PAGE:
Wednesday, October 30, 2013

Reinventing Classical Tones, Sensoria, Imaging India show and more..


Reinventing Classical Tones

( Work by Sadaanandan)
Pearl Art Gallery, New Delhi, presents a unique show of works by eminent muralist from Kerala, Sadaanandan. The show is titled, ‘ Reinventing Classical Tones’ and on display are his vibrant art works , paintings, which have been part of prestigious collections on the walls of his patrons in India and all over the world.

Sadaanandan is a creator of a number of prestigious works on walls in India. His works on canvas are a perfect depiction of his acumen both in his execution and selection of themes. A worshipper of art and the organic world around him, the artist is obsessed with tradition, heritage and modernity. 

The show is on view till 16th November 2013.

Tradition and Spirituality in Art

( Work by Banita Hamirwasia)
All India Fine arts And Crafts Society, New Delhi presents a solo show by artist Banita Hamirwasia. The artists displays her thoughts on the canvas through this painting exhibition. The artist was born in Kolkata and is a self taught. She studied Home Science but painting was her first love and she turned her hobby into her career. A connoisseur in 'Vedic Yantras' in Tanjore form, her paintings depict her religious thoughts and she loves painting around the theme of spirituality.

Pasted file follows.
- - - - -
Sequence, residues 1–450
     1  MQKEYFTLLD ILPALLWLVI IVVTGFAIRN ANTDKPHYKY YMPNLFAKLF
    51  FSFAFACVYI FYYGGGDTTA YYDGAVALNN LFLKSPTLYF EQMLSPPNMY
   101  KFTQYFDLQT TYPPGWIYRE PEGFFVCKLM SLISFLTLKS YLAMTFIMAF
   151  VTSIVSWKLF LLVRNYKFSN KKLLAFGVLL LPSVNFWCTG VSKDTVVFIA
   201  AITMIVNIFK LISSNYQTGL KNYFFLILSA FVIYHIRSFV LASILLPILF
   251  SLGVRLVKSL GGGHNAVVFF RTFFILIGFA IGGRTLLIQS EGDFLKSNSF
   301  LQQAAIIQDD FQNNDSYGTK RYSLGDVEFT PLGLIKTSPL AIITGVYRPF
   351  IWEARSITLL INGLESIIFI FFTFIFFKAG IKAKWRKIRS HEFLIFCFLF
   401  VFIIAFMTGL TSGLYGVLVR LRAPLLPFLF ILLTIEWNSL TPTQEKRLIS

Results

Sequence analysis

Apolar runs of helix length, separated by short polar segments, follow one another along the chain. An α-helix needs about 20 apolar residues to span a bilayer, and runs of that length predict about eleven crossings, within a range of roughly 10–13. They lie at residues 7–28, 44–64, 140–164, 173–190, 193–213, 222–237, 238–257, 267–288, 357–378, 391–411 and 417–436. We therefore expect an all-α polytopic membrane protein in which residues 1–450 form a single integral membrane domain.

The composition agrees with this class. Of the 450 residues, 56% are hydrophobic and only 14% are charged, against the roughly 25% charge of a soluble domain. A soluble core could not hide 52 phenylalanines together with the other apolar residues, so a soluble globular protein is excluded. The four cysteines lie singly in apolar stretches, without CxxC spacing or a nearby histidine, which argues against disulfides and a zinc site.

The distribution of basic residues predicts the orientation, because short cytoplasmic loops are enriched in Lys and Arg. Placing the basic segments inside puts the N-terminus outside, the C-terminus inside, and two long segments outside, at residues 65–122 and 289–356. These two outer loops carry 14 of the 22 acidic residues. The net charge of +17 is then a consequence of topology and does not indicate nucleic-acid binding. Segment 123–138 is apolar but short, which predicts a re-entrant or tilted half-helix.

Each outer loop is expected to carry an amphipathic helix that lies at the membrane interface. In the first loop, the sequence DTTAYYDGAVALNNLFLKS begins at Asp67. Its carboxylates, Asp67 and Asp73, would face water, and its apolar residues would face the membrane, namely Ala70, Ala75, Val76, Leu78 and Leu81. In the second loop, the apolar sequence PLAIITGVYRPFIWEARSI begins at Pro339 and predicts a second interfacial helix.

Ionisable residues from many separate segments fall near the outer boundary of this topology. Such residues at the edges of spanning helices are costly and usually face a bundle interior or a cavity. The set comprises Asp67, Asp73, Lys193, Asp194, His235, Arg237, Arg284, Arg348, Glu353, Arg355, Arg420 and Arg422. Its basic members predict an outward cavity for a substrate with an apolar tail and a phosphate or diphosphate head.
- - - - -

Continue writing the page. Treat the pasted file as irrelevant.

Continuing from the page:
Her collection of work presents a religious essence and she makes use of striking and vivacious colours. The artist gives the artwork a unique look by decorating it with semi - precious stones. She has been painting for 10 years now and has presented her paintings in various exhibitions.

The show is on view till 1st November 2013.

The Bull : An Aesthetics of Anxiety

Karnataka Chitrakala Parshath, Bangalore, presents a solo exhibition of art works by artist Sujith Kumar GS Mandya.